The Friday Four | #3

This week’s Friday Four reflects a couple of different, but related, areas of my professional interest. One and Two are, in general, applicable to getting better at, or learning, anything; they could be related to language learning as much as professional development. The Third and Fourth, while also being generalisable, are of particular interest and importance to me as a freelancer, in terms of motivation, productivity and organisation.
Deliberate practice is a concept identified by Anders Ericsson in his studies on how best to learn or improve a skill. This is an area of research, as you can read in this article, which relates to the ‘10,000 hours’ idea, popularised by Malcolm Gladwell in his book ‘Outliers‘. Alex Quigley, in this blog post, relates the idea of deliberate practice to teacher development, pointing out that:
“‘Deliberate practice‘ is not ‘mindless‘ repetition, where a teacher uses the same resource or strategy willy nilly, in a loose ‘trail [sic] and error’. It is not trying lots of fun, new resources or teaching strategies out on a pliant group. Instead, it is about a deeply reflective process, that is highly rigorous and specific.”
This type of teacher development focus relates to reflective practice, as defined by (amongst others) Argyris and Schon, as well as goal-setting, action research, coaching and mentoring. Quigley discusses some of these areas and also offers links to further resources in his interesting post.

This recent episode on Freakonomics radio, a podcast I listen to regularly, focuses on becoming good at ‘just about anything’, as part of a series investigating different areas of potential self-improvement. Stephen Dubner speaks to Anders Ericsson, and others, about what it takes to learn and improve. The discussion looks at deliberate practice and what exactly it is, the nature of innate talent and whether it actually exists, and some theories and suggestions as to how we can become better at getting better at things. They touch on goal-setting and the need to practice outside, or on the edge of, one’s comfort zone.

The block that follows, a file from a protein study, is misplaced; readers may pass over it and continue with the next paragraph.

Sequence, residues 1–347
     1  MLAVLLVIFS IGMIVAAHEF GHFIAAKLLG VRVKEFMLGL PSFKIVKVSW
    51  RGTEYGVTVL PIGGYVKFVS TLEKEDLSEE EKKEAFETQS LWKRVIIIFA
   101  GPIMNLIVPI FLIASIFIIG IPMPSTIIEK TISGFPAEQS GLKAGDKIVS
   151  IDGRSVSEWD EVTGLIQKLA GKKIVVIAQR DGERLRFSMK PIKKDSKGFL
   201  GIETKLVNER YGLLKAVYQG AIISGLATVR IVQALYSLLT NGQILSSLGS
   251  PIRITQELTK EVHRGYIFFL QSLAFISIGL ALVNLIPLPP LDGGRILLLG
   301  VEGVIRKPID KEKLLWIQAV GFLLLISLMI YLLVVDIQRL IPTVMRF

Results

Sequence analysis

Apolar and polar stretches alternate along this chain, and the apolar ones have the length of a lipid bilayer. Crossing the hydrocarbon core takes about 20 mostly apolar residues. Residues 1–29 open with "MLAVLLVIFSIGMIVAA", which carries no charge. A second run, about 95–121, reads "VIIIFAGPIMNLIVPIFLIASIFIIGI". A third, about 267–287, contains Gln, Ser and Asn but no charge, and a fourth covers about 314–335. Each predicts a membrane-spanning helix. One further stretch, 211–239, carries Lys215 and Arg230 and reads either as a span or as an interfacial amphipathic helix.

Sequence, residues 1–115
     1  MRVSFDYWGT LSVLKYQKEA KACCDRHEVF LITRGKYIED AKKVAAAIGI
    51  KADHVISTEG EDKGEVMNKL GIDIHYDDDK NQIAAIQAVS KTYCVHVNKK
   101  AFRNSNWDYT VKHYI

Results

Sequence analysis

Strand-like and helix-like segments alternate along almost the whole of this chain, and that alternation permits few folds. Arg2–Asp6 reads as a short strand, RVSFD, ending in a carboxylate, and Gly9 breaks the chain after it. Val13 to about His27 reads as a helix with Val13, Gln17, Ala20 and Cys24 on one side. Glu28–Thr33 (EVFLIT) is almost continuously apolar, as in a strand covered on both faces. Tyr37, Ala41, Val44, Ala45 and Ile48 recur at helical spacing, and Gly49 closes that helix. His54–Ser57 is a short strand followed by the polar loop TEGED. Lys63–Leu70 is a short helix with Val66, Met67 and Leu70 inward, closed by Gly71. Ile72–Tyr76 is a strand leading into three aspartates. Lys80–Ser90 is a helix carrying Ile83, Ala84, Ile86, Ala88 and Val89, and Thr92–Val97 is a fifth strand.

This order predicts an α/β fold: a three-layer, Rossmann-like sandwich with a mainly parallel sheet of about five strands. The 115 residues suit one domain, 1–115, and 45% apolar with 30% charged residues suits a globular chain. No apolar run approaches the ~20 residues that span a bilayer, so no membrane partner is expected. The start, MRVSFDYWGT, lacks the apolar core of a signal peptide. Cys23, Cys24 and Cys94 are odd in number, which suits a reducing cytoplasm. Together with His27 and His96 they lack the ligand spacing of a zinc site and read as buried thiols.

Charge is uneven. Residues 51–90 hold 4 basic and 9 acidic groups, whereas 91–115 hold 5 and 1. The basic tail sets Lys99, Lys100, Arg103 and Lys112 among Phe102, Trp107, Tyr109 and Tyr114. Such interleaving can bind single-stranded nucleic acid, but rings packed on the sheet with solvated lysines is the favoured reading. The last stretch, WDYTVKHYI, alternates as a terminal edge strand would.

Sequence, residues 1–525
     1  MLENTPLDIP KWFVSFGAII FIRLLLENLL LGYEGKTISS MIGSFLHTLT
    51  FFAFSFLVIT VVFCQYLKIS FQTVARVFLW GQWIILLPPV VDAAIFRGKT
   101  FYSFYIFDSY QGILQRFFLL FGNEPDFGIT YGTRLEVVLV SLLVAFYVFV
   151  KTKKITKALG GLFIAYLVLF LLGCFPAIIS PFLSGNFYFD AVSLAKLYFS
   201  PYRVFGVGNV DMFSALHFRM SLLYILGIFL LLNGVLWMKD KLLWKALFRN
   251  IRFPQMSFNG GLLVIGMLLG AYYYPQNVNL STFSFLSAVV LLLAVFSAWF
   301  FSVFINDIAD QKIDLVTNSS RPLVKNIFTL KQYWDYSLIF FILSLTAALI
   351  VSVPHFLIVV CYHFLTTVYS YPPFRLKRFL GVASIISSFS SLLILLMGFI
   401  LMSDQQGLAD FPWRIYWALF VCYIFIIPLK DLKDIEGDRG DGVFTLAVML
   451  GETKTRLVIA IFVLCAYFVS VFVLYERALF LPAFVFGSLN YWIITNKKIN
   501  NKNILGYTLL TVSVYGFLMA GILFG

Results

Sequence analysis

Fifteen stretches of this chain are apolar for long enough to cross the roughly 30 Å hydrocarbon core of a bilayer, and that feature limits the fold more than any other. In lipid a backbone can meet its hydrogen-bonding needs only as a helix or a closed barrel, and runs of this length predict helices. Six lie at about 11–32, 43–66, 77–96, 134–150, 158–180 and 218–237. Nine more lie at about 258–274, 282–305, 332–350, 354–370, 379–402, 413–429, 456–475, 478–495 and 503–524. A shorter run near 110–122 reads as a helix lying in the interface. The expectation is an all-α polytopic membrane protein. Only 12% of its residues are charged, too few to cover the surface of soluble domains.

This all made me think about the idea of language teachers as coaches and how language teachers could become better at identifying personal goal with students and helping them self-evaluate their performance and level of improvement. I think it highlights the importance of learning how to learn and to manage our personal strategies for learning, also known as metacognition.
The website also has a full transcript of the show, if you’d prefer to read.

Working from home, or at least for yourself, wherever you work, creates different challenges to being employed by a company as part of a team, with someone to report to and working alongside colleagues in an office. This morning I noticed a list of issues in an article on LinkedIn that some freelancers may have problems with, and there are a number of things here that can and should be avoided! The article ‘Freedom of the 8 hour workday’ discusses issues related to having the ‘freedom’ to choose and to be in control of your own working time. What I’ve found since becoming self-employed is that I really need to establish strong routines to make sure I get things done. As the article points out, creating structure actually enables freedom, and that is one of the main benefits of being self-employed. Mind you, I’m not saying it’s easy!

Not something that is new to me this week, but this is an app I’ve been using for a few months now. It is related to number Three, above, as it provides me with an extra focus for improving my productivity and motivation: productivity by gamification! Essentially it’s a Pomodoro technique timer, with built in extras. I like to use the pomodoro technique to focus in short bursts, I have set the timer for 30 minutes work and then a four minute break, with a ten minute break after the third pomodoro session. I do this as it helps me focus, but also to remind me to take a break, stretch and focus my eyes away from the screens. I find this is essential for me, as I tend to suffer from back and neck problems.
Using this app, my productivity is measured and I can see how much I have worked, and this work can be added to different projects (four are free, more available in the premium version)  There is a leaderboard of rankings, from ‘Unrepentent Slacker’ to an unknown top rank that I haven’t unlocked yet! I’ve been as high as a ‘Resigned Attendant’, before dropping down again. I am currently a ‘Depressed Drone’ apparently. If you aren’t working (with the timer on), your rank will fall. And sometimes the app will let you know that if you work, for example, for 45 minutes more, you will rise to the next rank. It’s just a little something that helps me focus, maybe it would be useful to you.

That’s all for this Friday, have a great weekend!

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